Website RFP (Request for Proposal) Template

Awhile back I wrote a detailed post on Website RFPs. I lambasted and vilified RFPs. In hindsight, it was a little… ahem… emotional. I was jaded, we had just lost a bid on a project and I was disappointed to say the least. However, yesterday I logged into our website to see a comment from a visitor – Brian. Brian took the time to write a massive comment on the post and had some helpful suggestions as to solve the problem of Website RFPs in general noting:

…instead of bashing RFP’s altogether, it would behoove you to be part of the solution (by giving more clear examples, maybe in the form of a downloadable sample of YOUR preferred RFP format), instead of complaining about the problem (and crying about why you didn’t get the job).

On reflection over the last day, I have to agree with everything he wrote entirely. It’s funny, I’ve been reading “How to Win Friends and Influence People” and it’s amazing how, with a slight shift in perspective so much is possible. With that in mind, I’d like to apologize for the previous post, completely bashing Website RFPs, and would like to extend a big thank you to Brian for taking the time to write out such a thoughtful comment, and for being the inspiration for this follow up.

His comment helped me to see the RFP process from his perspective (and that of other clients who have contacted us via RFPs) and allowed me to see how vital they are and how at the end of the day, everyone using an RFP is simply trying to select the best vendor, create a fair environment for selecting a vendor and make the process more efficient.

WEBSITE RFP TEMPLATES

After doing some quick searches on what’s available for Website RFP Templates, I found a couple that I thought might be helpful, but missed the mark a bit, and didn’t address many of the concerns and suggestions I brought up in my previous post.

So, I’ve decided to put together a template that helps solve many of the issues that arise during the request for proposal process. Notably the issues we see during this process include:

RFP Approved

Company Description

This is left out of nearly every RFP and is vital to a successful project.

Project Description (Goals)

Ultimately the best firms are looking to help you achieve results not just implement solutions.

Budget

An upfront, honest discussion on budget helps every project.

Want vs. Needs

What’s absolutely mandatory and what are those things that you’d like to have?

Flexibility

Strict RFPs don’t allow for a particular company’s strengths, weaknesses, etc. to shine through.

Communication

Setting a framework for initial communication is vital to a successful project.

HOW THE WEBSITE RFP TEMPLATE IS ORGANIZED

The samples I’ve attached at the bottom of this post are simple. One link is for the original word document (where you can replace the notes/suggestions with your own information), and another is a link to a PDF sample I quickly filled out as an example (and to further this post – more in a moment).

RFP

Overall it features 14 major sections:

  1. Company Mission
  2. Company Description
  3. Address
  4. Phone
  5. Project Description/Intent
  6. Project Description (Design)
  7. Project Description (Marketing)
  8. Project Description (Programming)
  9. Persons Involved
  10. Availability During Proposal Process
  11. Preferred Method of Contact
  12. Timelines/Milestones
  13. Budget
  14. Other Helpful Information
Download PDF
Download Word Doc

Each section outlines a bit of our thoughts on this. We are inherently biased in this, and going through this process has been interesting – namely filling out the RFP similar to another we’ve received – and gaining a better understanding of the organizations/persons mind-set as they fill this out. Each section is obviously flexible and you can replace with anything you find appropriate or important for you.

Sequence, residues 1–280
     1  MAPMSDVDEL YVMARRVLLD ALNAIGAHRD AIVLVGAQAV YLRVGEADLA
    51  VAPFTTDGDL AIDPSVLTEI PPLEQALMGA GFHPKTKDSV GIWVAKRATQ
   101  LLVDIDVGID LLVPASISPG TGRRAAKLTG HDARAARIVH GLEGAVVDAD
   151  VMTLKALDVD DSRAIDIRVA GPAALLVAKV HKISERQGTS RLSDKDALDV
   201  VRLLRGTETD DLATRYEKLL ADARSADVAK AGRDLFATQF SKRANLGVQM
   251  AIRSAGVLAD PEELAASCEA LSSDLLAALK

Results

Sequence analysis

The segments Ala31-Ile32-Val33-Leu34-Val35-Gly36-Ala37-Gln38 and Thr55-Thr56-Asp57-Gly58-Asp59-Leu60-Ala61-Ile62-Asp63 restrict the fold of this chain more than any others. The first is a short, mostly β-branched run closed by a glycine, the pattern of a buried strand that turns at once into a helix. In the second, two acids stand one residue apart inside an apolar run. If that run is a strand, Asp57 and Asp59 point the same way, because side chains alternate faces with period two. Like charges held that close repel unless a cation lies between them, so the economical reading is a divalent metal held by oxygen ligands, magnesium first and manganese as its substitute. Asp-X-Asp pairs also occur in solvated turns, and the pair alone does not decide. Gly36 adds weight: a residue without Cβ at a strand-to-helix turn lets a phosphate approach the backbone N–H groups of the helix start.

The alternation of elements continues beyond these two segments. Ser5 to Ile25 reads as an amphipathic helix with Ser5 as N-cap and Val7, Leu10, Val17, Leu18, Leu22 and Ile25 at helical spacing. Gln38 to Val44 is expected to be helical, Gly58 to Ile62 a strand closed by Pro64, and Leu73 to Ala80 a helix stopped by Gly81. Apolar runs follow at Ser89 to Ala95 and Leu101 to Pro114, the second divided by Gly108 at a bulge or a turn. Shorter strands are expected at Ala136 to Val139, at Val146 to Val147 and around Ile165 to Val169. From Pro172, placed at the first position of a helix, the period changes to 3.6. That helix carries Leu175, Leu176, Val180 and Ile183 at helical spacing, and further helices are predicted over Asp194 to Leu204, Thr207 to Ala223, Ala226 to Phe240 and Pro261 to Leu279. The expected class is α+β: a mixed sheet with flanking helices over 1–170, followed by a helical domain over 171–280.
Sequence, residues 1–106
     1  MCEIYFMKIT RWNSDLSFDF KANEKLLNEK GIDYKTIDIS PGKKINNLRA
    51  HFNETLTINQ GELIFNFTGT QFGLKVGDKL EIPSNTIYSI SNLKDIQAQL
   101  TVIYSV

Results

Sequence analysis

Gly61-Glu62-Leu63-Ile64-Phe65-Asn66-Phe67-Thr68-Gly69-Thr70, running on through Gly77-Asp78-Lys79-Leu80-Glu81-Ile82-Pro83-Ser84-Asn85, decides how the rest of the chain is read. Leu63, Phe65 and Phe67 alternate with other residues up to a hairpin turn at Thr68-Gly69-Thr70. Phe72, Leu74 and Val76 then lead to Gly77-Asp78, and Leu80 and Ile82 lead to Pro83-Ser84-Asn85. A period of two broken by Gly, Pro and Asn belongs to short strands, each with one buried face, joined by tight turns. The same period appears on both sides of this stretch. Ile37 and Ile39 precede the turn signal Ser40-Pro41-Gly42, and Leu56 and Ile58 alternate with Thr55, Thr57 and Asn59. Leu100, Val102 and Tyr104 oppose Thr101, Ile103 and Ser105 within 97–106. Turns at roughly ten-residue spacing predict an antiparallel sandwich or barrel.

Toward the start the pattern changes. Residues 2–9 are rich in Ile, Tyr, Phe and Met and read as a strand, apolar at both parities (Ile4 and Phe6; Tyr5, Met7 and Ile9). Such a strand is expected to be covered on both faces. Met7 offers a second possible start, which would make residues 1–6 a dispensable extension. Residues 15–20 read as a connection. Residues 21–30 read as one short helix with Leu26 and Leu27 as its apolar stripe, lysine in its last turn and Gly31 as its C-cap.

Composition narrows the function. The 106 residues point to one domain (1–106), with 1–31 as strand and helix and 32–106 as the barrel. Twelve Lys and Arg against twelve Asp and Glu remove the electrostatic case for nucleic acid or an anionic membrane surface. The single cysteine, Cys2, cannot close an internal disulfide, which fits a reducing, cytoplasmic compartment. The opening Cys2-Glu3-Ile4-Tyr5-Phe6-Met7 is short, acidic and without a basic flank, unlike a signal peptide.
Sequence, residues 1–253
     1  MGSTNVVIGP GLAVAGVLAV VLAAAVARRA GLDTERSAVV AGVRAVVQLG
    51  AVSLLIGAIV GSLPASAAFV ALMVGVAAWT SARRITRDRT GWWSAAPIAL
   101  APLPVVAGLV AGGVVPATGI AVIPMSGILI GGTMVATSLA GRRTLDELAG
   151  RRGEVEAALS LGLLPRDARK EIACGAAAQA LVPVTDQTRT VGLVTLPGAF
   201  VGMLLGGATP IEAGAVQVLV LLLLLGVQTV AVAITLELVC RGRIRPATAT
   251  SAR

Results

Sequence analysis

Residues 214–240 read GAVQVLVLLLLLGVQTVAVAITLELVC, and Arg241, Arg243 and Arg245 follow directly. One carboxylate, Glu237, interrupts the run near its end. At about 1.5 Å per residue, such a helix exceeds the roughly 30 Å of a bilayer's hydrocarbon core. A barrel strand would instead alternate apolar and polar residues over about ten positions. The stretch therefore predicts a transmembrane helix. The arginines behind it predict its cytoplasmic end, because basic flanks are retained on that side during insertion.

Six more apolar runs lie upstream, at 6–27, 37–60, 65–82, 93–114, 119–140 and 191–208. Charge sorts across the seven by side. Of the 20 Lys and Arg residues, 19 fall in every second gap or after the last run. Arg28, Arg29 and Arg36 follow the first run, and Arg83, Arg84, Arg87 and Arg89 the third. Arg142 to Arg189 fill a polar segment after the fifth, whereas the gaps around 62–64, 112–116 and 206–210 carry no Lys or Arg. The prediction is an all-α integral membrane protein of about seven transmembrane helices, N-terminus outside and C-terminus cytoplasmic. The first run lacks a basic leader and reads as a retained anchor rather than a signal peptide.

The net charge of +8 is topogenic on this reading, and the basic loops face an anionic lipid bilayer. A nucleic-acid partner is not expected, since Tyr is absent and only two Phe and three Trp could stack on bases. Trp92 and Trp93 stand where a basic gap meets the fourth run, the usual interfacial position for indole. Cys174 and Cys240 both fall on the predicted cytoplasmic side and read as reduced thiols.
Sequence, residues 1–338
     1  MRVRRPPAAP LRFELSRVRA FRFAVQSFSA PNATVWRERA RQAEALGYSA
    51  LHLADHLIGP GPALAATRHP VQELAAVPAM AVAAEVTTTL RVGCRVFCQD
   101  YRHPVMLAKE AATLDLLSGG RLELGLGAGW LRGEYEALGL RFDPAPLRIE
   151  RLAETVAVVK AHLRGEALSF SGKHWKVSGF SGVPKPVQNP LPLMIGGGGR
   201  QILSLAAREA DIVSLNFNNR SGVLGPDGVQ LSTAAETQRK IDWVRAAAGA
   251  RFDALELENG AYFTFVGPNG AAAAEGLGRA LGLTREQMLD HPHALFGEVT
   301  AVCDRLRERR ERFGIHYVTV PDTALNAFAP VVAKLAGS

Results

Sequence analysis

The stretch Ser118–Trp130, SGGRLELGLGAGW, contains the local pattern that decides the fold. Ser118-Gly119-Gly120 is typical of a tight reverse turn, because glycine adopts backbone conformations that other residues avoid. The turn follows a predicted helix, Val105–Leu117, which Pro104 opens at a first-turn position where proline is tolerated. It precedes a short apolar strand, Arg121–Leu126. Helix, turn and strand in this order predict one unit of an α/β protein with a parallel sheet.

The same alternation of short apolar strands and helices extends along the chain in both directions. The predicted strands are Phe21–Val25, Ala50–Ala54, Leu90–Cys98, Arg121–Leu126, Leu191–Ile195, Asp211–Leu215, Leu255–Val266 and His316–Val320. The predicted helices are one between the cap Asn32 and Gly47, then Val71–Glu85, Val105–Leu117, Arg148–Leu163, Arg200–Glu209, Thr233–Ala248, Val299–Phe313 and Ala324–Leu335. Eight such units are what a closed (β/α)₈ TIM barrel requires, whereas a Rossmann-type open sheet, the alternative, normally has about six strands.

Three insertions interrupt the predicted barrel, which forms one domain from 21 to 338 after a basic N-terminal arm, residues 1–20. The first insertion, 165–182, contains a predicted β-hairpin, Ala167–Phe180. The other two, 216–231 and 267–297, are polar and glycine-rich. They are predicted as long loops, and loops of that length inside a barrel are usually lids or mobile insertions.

WHERE THE WEBSITE RFP TEMPLATES FAIL

In filling out the sample template above, I did realize how challenging this is for anyone going through this process. And I didn’t even dive into any of the technology. It seems like around 80% of RFPs include technical details – based on past experience, advice, etc. – all of which may or may not be relevant. But, in addition to that, there are so many questions that arise from our perspective that need to be addressed to accurate quote/proposal and successfully execute a project.

If you download the sample PDF above – you’ll see I list that Widget company would like to sell products on their website. Without getting too deep – this already brings up about 10 questions that must be answered to properly proceed.

With this in mind I kept things as flexible as possible – with a concentration on communication. As we state to every new client, communication is the most vital part of this new relationship – and getting it right up front – and continuing it throughout the the lifetime of the project and relationship – is vital to a happy experience on everyone’s end.

One final note – added in the “other helpful information” section in both the sample PDF and the word document are some of the selection criteria. It’s helpful as a dev firm to understand what’s important to you. Do you care about the fanciest design, tech, getting the job done right the first time, achieving your goals/revenue? The more you can detail out what the successful firm you choose will look like – the more it helps set expectations and allows the future developers to understand you and your businesses unique needs.

Zach Katkin
Zach Katkin
Zach Katkin is the co-founder & CEO of Atilus. He is a Certified Google Professional, author, and lover of technology. He helps Atilus stay out ahead of online marketing trends and loves driving results for Atilus' clients.

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